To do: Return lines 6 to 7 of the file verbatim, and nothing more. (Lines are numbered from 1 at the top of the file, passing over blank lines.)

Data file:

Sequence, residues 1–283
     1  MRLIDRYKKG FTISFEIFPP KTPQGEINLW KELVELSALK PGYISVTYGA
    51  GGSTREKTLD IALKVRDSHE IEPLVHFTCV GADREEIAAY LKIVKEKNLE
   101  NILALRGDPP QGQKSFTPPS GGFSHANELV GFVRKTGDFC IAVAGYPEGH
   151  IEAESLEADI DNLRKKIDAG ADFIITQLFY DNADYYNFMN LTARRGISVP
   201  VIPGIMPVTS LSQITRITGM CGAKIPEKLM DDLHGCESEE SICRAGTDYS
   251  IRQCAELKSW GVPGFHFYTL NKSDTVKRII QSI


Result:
   201  VIPGIMPVTS LSQITRITGM CGAKIPEKLM DDLHGCESEE SICRAGTDYS
   251  IRQCAELKSW GVPGFHFYTL NKSDTVKRII QSI